Dancers Without Borders is a folk dancing group founded in 2018 that brings together people in Canberra and Queanbeyan to explore and celebrate the traditional dances of the Balkan region in Europe. Its dancers have roots from all over the Balkan peninsula, and together they learn and promulgate the traditional folk dances of Bulgaria, Macedonia and Serbia.
Ahead of their first performance at next weekend’s National Multicultural Festival in Canberra, we sat down with one of its founders, Darko Andreski, to learn about what brought the group together, what folk dancing means to him, and what his thoughts are about the importance of continuing the traditions of folk dancing in Australia.
Image: © Vladimir Koncar, sourced here
Dunja Cvjetićanin (DC): Darko, thank you for sitting down with be:longing to discuss folk dancing. Tell us, how did Dancers Without Borders begin?
Darko Andreski (DA): Dancers Without Borders began with the passion to push the boundaries [of folk dance from the Balkans], both geographically and theatrically – hence our name. After a few idea-throwing sessions with my cousin Suzi, we thought we would trial this concept, and here we are, a year later. Dancers Without Borders will have their first ever performance at the Multicultural Festival in Canberra next weekend.
Both of us have been part of Macedonian folk dance groups throughout our lives and have a pretty good idea of what it means to be part of such a group, but also of where improvements could be made. We saw the opportunity to harness the beauty and traditions of Balkan folk dance and recreate it to really entice and impress audiences of all cultures and backgrounds.
DC: What role does folk dancing play in your life, and in the various cultures of the Balkans?
DA: Well, it’s very hard to explain the feeling when you hear the drum hit. It’s like you are awakened, and it’s an out-of-body experience where all you want to do is move to the rhythm. In Macedonia, Bulgaria and throughout the Balkans, folk dancing is mostly associated with joy and celebrations. It gives a sense of pride and belonging, and it brings people together. It also breaks down barriers in communities by allowing people to connect through the common language of dance.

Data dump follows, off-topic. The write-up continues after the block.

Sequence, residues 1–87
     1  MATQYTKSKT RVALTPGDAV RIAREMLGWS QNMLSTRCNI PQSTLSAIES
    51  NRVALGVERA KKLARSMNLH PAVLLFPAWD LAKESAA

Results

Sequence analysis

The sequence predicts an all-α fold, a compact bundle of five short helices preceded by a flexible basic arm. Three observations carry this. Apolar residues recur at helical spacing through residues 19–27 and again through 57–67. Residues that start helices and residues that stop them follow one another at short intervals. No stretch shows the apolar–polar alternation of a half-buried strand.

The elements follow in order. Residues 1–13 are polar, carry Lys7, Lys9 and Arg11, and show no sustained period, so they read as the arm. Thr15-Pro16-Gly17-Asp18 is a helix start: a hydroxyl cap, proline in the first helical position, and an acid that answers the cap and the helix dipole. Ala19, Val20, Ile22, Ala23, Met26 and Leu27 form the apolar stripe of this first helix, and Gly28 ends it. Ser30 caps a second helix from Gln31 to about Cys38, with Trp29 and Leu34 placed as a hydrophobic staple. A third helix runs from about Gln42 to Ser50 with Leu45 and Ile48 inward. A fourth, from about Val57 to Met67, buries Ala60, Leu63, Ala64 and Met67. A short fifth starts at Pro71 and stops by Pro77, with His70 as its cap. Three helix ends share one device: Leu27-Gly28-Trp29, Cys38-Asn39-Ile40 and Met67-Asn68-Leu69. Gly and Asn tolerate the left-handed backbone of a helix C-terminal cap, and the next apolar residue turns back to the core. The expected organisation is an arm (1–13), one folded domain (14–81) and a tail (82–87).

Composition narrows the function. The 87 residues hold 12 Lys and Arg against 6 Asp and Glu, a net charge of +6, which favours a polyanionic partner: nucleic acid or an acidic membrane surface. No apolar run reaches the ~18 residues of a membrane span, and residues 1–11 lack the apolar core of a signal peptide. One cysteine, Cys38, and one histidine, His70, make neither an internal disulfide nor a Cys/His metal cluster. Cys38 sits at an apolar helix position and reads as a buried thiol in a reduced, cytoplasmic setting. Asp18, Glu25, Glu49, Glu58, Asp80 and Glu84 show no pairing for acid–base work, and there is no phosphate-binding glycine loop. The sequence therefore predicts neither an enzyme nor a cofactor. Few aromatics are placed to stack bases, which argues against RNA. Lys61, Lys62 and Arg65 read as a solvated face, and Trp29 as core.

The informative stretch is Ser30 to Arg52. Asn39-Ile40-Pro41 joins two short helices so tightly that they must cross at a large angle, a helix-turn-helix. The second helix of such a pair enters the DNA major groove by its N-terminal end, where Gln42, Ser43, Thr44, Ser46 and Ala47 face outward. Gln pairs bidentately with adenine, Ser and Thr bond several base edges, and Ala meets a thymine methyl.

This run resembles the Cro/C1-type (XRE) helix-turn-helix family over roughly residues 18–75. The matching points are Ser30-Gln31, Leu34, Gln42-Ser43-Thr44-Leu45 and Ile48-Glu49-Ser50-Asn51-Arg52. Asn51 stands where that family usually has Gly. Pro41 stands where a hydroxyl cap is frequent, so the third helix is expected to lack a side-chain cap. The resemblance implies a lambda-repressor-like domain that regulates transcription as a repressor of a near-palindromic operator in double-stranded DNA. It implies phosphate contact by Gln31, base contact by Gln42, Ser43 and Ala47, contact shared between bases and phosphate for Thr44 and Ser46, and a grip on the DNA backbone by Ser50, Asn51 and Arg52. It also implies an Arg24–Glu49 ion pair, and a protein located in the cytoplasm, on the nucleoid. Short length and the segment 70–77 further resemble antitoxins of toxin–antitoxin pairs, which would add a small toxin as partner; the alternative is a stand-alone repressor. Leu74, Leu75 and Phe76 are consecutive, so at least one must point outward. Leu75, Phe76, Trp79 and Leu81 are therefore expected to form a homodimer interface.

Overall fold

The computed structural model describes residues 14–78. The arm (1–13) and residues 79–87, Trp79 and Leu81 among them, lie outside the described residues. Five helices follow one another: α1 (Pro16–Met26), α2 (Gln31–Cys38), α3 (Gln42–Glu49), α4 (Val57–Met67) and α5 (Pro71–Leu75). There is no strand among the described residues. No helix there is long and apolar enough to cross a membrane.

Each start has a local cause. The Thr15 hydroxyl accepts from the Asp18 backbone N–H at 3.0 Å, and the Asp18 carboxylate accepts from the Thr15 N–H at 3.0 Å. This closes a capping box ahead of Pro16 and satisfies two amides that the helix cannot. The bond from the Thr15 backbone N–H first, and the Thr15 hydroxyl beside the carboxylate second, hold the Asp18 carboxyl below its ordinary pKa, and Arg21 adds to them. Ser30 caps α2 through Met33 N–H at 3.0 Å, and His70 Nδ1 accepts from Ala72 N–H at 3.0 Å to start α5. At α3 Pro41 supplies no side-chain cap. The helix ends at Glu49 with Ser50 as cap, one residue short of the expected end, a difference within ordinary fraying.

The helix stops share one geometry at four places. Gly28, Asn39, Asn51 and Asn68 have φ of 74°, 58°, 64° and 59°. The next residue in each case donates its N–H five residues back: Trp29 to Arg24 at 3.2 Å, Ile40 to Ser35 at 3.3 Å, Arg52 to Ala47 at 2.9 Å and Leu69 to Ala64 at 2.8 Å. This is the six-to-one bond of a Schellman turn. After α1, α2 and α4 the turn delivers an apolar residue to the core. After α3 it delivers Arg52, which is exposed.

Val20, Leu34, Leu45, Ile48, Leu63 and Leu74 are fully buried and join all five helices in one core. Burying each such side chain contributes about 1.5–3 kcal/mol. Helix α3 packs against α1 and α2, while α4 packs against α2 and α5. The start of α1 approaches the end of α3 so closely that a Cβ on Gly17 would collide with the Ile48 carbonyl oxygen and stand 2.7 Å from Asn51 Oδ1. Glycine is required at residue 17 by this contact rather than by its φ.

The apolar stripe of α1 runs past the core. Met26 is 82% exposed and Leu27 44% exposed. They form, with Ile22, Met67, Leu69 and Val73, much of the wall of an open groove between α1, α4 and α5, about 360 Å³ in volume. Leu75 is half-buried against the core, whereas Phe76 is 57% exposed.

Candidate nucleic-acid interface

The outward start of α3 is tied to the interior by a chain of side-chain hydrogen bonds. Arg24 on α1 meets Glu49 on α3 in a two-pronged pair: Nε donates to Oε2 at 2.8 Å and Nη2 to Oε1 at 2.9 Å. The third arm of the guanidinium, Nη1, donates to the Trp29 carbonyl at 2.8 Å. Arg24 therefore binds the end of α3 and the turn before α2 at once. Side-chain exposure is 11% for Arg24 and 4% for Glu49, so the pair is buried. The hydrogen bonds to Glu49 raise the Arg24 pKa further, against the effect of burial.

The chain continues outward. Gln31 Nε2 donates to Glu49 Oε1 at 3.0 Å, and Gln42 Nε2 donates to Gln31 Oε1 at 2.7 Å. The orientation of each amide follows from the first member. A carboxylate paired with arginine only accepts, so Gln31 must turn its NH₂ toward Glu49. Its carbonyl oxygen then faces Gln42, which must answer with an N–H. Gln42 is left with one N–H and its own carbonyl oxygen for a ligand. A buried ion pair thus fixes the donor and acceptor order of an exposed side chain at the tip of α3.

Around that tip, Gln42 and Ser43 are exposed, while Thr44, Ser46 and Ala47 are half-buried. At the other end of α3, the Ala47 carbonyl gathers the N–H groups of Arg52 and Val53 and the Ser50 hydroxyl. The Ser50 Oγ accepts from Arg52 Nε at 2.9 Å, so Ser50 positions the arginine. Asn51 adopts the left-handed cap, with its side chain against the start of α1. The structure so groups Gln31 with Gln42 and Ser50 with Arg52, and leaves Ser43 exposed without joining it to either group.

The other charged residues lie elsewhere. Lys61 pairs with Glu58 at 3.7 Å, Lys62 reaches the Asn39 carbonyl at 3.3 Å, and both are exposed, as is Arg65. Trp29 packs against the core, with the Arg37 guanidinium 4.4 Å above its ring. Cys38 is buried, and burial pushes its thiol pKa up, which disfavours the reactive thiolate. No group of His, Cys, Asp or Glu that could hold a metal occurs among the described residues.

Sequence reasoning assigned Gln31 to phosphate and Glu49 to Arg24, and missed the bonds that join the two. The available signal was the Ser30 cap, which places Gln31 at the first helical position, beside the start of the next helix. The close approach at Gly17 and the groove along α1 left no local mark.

DC: Why do you engage in folk dancing here in Australia?
DA: As a dancer, I’d have to say – socialising and sharing memories with friends. It also allows me to retain traditions from my cultures of origin, all while allowing me to be active – it’s a form of exercise that doesn’t feel like a chore. As a choreographer, it allows me to experiment and push boundaries through complex steps, formations, costumes and rhythms. What drives me is creating unique and original works that are not only fun to perform but leave a lasting impression on our audiences.
DC: Why do you think folk dancing is important in a multicultural setting like Australia?
DA: I think it allows like-minded people with the same values and backgrounds to bond and to connect. It gives them a sense of belonging and reminds them of their heritage. But it is also beneficial for Australians from other backgrounds because, by attending dance performances, they gain exposure to other cultures, which a neighbour or friend may be a part of.
DC: Finally, what do you think folk dancing can teach people – both the dancers themselves, and audience members (who may or may not be from the same culture(s) as the dances)?
DA: It is fun. It can be very creative and can tantalise all the senses. For dancers, it teaches the importance of team work and camaraderie, and for the audience it inspires them and challenges their pre-conceived ideas of what folk dance is.
If you would like to see Dancers Without Borders in action, make sure you catch them at the National Multicultural Festival in Canberra next Sunday, 17 February, on Stage 4 (City Walk and Akuna St), from 11:25 to 11:50am.
© Darko Andreski and Dunja Cvjetićanin, 2019